Maybe you’ve seen this very cool graph showing the “politics of professions”?
Here’s a screen grab of a small part of it:
Below these amusing comparisons is a set of little colored circles for each considered profession that you can click on and expand:
These are really fun, and largely confirm a number of biases. Here, we see that the Media and Academia are leftist strongholds, or that most people who can think shun the right – take your pick.
But, alas! What you think you’re seeing – what the title “Which way does your occupation lean?” suggests you are seeing – you are not seeing. Once again, just a tiny amount of curiosity and research reveals that this lovely, award-winning graph doesn’t say what it claims to say. And it’s the usual suspects that render this graph, like so many before it, largely meaningless:
Method. Well? How did the authors arrive at these numbers? Nowhere stated – which, to put it mildly, is not a good sign.
Data source. Where did these numbers come from? As highlighted in the title to the first screengrab above, “campaign contribution data from the FEC”. Googling that directs one to the FEC website. There’s a lot of stuff on that site, I don’t have all day to sift through it, so here are some preliminary considerations:
- Are we only considering those who have made political contributions in some manner to one of the two major parties? And in a manner that requires the FEC keep track of it? This means if I’m a mathematician, for example, who votes consistently for one party or the other but can’t bring myself to part with any cash to fund them, I don’t count? Isn’t that *most* people, or at least a huge percentage of people?
- What period is covered? The database runs from 1997 to approximately the present. The same person – the Donald, for example – might change who and what he supports over time. Sticking with this example, he might be a staunch and generous Hillary supporter right up until he decides he needs to be a Republican President. Is this accounted for? How?
- An awful lot of people in business will give to *both* parties.(a) If I’m an investment banker, I might largely vote Republican but *always* contribute to Democratic causes – it’s just simple prudence. It’s just business. Investment Bankers, according to this graphic, are split right down the middle – I strongly suspect that this is not the result of a neat and fundamental split in partisan loyalties right down the middle as it is a result of a sort of natural selection: investment bankers would be idiots NOT to make sure that candidates from BOTH parties get a cut. Is this addressed, somehow, in the graphic?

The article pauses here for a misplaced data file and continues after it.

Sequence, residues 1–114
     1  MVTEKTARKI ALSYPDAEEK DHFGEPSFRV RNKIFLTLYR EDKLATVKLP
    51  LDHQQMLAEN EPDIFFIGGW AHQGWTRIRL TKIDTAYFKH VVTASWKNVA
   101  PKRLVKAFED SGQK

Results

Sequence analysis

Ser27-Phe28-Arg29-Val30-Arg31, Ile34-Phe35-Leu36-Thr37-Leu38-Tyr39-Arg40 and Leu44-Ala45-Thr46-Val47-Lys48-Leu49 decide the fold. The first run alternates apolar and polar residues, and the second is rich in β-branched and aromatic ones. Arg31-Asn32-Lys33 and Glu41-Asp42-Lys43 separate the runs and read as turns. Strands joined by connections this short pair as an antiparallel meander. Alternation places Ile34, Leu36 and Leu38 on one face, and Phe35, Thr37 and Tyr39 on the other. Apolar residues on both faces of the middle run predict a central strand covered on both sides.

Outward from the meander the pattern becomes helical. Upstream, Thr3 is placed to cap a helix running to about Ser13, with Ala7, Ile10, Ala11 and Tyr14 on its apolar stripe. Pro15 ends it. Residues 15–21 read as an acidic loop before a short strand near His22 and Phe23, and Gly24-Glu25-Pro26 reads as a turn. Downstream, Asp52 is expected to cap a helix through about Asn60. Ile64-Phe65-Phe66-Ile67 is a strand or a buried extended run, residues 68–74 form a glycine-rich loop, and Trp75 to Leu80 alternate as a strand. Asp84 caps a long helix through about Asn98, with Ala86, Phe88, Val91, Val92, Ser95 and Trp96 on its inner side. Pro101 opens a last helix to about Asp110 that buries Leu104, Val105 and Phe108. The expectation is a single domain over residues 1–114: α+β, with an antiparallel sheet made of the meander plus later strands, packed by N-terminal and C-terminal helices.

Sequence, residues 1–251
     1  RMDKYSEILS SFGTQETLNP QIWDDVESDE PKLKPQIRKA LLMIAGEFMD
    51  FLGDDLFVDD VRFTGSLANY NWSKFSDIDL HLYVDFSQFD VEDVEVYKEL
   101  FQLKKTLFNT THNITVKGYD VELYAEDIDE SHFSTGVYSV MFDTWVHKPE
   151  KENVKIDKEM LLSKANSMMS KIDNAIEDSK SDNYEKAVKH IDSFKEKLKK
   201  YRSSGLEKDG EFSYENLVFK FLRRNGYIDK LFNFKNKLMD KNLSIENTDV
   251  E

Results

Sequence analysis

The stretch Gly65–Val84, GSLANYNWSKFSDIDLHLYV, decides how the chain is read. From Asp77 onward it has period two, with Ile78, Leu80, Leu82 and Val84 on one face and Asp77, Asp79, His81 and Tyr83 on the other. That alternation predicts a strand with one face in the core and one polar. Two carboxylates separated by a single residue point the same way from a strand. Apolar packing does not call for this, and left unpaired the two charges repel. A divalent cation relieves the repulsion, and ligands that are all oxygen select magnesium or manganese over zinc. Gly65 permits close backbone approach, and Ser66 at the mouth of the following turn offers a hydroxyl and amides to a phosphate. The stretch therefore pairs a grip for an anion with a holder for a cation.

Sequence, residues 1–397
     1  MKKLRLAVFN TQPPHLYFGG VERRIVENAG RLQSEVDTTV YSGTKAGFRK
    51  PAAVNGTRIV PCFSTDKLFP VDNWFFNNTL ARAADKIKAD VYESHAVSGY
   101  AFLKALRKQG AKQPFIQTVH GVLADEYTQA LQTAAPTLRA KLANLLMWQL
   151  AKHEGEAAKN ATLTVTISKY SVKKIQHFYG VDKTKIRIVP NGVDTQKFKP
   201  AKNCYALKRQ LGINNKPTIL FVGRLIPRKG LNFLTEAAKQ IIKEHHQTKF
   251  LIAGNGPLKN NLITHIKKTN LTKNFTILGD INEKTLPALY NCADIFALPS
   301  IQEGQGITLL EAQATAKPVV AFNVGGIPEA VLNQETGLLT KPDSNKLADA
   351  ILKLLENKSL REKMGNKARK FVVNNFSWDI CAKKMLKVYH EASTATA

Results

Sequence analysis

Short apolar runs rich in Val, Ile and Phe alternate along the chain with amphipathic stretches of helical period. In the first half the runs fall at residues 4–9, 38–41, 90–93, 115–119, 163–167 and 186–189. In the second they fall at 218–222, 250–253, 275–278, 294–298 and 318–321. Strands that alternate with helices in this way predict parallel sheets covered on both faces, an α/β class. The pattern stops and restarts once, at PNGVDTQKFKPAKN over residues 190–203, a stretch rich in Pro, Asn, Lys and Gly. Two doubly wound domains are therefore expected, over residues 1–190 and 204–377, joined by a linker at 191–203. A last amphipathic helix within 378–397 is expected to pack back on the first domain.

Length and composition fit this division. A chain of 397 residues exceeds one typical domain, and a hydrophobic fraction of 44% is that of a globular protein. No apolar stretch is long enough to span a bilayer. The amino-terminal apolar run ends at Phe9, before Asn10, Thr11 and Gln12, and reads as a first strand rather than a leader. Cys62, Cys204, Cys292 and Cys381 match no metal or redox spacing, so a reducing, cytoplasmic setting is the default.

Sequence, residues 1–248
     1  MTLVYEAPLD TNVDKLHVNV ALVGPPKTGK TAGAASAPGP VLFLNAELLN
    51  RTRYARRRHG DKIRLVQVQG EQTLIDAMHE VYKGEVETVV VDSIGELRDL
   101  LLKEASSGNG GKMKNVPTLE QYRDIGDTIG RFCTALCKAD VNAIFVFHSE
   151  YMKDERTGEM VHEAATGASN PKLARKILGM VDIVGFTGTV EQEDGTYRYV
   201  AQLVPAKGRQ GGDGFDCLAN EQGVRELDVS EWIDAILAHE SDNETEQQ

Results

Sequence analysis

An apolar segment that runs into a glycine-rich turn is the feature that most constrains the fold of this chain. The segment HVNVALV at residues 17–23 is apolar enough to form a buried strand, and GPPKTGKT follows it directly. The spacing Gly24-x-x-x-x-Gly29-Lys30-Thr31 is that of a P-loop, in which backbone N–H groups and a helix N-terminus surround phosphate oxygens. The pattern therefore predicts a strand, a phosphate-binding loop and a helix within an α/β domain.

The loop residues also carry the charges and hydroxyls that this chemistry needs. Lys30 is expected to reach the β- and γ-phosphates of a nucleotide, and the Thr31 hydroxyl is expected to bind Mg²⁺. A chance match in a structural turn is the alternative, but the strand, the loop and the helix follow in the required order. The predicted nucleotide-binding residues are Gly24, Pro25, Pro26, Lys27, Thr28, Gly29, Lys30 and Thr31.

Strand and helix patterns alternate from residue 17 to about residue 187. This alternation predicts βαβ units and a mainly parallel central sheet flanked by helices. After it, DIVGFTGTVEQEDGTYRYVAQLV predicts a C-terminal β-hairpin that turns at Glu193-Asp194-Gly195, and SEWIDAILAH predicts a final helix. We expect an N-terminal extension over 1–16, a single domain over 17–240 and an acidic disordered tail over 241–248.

- If I give $100 to Democratic causes and $1,000,000 to Republican causes, is that accounted for?
Classifying Professions. Who determines the list of professions? Who decides where the line falls between, say, a mathematician and a statistician and a data analyst?
- Many people have multiple professions, or their work straddles a number of professional classifications. (Am I a strategic planner? A sales manager? A market researcher? A content creator? A pricing analyst? A product manager? In my current job, the answer is ‘Yes’.) Is that addressed? How?
- Are these claims verified? In other words, does the person donating to a partisan cause get to just say what their profession is? If I say I’m a rocket scientist, do I get any push back?
This is similar to the problem of asking people in exit polls to say what their highest level of education is – the guy with the degree from a barber college can say he is a college grad, while the gal who dropped out in the 6th year of a nuclear physics degree might say she isn’t. Even if they answer truthfully (and what would make them?) the answers are not giving you a true picture: that college grads (assumed against most of the evidence to be the smart people) voted for X, while those with no college degree (assumed to be the dumb people – you know, like Gates, Jobs, Wozniak) voted against it. So if I ask you your profession, and you once had a bit part in Galaxy Quest but now wait tables and live with your mother, you put ‘actor’ as your profession, right? Or if I got a government grant once to try to sell small towns on putting in solar panels, I’m an entrepreneur, right? Me, I’ve helped people in far-away places figure out the math involved in leasing an airplane – so I’m an international financier, right?
It’s fun to imagine that this set of little graphs tells us, for example, that 81% of roofers are Republicans while 80% of philanthropists are Democrats. But that is not what it is telling us. What it is telling us, most likely, is that 80% of the donations by count (not amount) made by people who a) made political donations tracked by the FEC since 1997, and b) self-reported that they were philanthropists went to candidates/PACs/causes/whatever that the FEC classified as Democratic.
Maybe. The lack of any explanation other than the general statement that the data came from the FEC inclines me to assume the most simple approach was used: add ’em up by claimed profession across all the years, divide the Democratic total by the gross total to get a percent, slap a graph on the numbers, and voila! You have a hot steaming pile posing as information. Could be wrong, but don’t know how I’d find out.
a. If you think that one of the major purposes of all this FEC disclosure isn’t so that the elected officials can check up on to whom they owe favors and to whom smackdowns, you need to read up on how, say, LBJ operated. He *always* kept score, and knew *exactly* what he owed and was owed from everybody he worked with, down to cub reporters. The essential part of implementing Callicles’ model of political virtue (Punish your enemies, reward your friends, indulge your every whim) is knowing who is a political enemy and who a political friend. That, and, I suppose, cultivating memorable whims.